20 Toughest Tacklers in the English Premier League
Tackling is an art. Some have mastered it, some haven't.
Bleacher Report takes a look at some of the English Premier League's current toughest tacklers, whether they're well-timed but firm, reckless and stupid or a little bit of both.
Some of the new additions to EPL sides have certainly been getting their teeth stuck in, but there are also a few of the usual suspects cropping up as well.
It's important to note that this is not simply a collection of thugs or dirty tacklers.
We start with an uncompromising, dogged presence on the pitch.
Xavi of Barcelona admitted he'd never been marked so closely when his side went up against Almeria, suggesting Chico would even follow him off the pitch if necessary.
He's already picked up a red card for excessive force in addition to a solitary yellow, and the Spaniard is guaranteed to go in full-blooded every time.
Lee Cattermole, the man who has never managed to reel it in, is undoubtedly one of the toughest tacklers in the English Premier League.
His aggressive nature knows no bounds and it is one that has given Sunderland's multiple managers nightmares over the years. Something tells me Martin O'Neill won't tolerate it for long.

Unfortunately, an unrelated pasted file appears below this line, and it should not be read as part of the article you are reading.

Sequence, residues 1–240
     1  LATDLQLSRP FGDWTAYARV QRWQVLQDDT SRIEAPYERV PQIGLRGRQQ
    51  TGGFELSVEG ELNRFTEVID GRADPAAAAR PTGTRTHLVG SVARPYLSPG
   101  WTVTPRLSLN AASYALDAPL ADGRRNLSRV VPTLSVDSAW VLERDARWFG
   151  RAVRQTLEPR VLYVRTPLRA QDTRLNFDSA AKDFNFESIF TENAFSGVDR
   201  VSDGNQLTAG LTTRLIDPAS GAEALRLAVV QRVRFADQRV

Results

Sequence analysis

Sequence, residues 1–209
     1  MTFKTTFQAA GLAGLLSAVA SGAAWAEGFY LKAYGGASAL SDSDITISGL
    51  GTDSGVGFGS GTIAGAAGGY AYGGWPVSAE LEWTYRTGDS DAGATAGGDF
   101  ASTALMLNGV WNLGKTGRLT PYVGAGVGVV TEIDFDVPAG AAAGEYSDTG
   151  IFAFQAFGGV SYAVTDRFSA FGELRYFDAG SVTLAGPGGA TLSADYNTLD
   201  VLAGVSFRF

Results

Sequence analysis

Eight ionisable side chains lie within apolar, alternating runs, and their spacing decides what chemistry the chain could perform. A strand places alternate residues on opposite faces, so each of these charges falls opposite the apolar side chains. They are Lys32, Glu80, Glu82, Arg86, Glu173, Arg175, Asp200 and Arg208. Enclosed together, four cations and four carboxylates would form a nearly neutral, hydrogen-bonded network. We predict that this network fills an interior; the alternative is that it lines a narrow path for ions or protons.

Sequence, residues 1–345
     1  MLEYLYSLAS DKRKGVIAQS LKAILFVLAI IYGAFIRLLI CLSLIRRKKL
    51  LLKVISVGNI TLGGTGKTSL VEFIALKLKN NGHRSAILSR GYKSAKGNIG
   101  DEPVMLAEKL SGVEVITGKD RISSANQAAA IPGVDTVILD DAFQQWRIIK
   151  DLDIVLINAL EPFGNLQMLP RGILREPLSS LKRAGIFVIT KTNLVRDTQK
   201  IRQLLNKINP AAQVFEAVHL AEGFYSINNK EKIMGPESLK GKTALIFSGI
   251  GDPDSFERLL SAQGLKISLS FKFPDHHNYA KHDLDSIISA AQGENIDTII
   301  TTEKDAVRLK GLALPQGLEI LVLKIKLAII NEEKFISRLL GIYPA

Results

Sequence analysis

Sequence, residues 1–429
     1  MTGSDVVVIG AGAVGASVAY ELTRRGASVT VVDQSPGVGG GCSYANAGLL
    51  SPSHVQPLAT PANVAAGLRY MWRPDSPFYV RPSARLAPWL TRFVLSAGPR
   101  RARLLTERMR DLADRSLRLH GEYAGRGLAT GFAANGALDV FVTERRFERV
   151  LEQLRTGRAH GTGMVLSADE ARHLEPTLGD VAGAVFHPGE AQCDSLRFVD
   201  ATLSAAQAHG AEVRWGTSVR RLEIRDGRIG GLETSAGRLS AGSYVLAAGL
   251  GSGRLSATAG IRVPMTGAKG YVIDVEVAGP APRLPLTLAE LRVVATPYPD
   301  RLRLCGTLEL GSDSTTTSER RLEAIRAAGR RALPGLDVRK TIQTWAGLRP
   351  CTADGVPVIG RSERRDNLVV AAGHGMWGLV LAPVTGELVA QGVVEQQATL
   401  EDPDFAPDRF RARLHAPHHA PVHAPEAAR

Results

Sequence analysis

He's received five career red cards so far and he's only 24 years old.
After a slow start at Tottenham battling injuries and delayed arrivals, Sandro has lived up to his promise.
Touted as one of the better defensive midfielders in the game coming from Internacional, the Brazilian has really stepped his game up for both club and country.
He was a standout performer in the Olympics under Mano Menezes and has solidified his role in Andre Villas-Boas' 4-3-3 as the new Fernando.
The midfielder has accrued an impressive 3.3 interceptions per game so far this season.
Mark Noble is an absolute terrier. Despite his relatively small stature in comparison to his colleagues, he makes up for it with truly energetic and committed performances.
He and his midfield partners at West Ham are able to exert great pressure on opposing teams, cutting off supply lines to the forwards and harassing them in possession.
Noble leads the league with 4.9 tackles per game.
If having one reckless tackler at Sunderland wasn't enough, Martin O'Neill has inherited the man he once sold to Birmingham City having arrived on Wearside.
Craig Gardner has never been the most subtle player in the game, and his overall lack of creative ingenuity or tackling prowess has always been offset by grit, determination and tenacity.
As a result, he is just a little bit messy. Three yellow cards already this season suggests he's on course for his usual statistics.
Steve Sidwell is not exactly renowned for tackling. In fact, he's not renowned for much other than blasting the occasional shot 30 yards over the bar.